Anyone who, like myself, was hoping that Nick Cave might possibly come to regret pressing ahead with his two shows in Tel Aviv last year will be disappointed to learn that, far from backtracking, he's actually doubled down on his position.
To recap, on one side we have the Boycott, Divestments and Sanctions (BDS) movement, spearheaded by Roger Waters and supported by Brian Eno and one-time Cave collaborator Thurston Moore, among others; on the other, we have (most prominently) Cave and Radiohead. The former have criticised the latter for disregarding the boycott and thereby tacitly lending cultural credibility to the Israeli government; the latter are affronted at being lectured by the former about decisions they claim have been taken carefully and with due consideration.
Cave has admitted to some doubts: "Occasionally I wonder if The Bad Seeds did the right thing in playing Israel. I cannot answer that question. I understand and accept the validity of many of the arguments that are presented to me. Indeed, some of my dearest friends in the music industry found my decision very difficult to accept." But he nevertheless went on to insist that "I simply could not treat my Israeli fans with the necessary contempt to do Brian Eno's bidding", and branded the boycott "cowardly and shameful". The gentleman's not for turning, it seems.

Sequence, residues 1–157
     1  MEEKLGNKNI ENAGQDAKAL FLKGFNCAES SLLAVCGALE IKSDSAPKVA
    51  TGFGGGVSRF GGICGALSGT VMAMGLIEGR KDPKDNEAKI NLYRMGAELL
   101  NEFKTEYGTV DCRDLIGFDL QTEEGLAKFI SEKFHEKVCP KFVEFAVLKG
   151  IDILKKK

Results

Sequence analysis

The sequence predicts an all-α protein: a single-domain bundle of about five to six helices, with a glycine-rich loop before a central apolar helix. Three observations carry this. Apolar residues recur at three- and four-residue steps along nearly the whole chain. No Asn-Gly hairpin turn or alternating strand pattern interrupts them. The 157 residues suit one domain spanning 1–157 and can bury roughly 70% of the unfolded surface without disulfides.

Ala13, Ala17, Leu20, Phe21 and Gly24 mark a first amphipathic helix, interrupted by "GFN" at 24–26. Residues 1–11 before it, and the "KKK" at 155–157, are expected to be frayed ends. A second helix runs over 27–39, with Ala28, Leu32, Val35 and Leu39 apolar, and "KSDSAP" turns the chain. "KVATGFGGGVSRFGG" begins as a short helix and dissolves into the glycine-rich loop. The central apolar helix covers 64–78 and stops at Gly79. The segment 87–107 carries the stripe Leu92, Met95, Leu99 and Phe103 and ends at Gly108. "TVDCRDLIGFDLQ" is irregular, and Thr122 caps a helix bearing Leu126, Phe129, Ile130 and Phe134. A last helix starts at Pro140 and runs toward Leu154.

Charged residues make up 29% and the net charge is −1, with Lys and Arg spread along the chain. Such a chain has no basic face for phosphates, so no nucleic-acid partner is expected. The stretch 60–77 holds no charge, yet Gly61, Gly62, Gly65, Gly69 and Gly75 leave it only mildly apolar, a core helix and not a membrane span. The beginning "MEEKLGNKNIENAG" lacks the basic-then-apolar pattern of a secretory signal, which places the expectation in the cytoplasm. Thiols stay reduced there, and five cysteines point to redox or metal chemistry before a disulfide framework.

Meanwhile, principles and ethics have also been the subject of discussion with regard to Neil Young's Hyde Park show with Bob Dylan next July. Keen environmentalist Young had objected to the fact that the sponsors of the BST Festival series are Barclaycard because Barclays have a deplorable record of investing in fossil fuels. It's now been announced that the show will still go ahead, but as a stand-alone event rather than beneath the BST banner. Fair play to him for taking a stand and forcing this through - though it does perhaps beg the question why he wasn't so concerned about the issue when he last played there in 2014.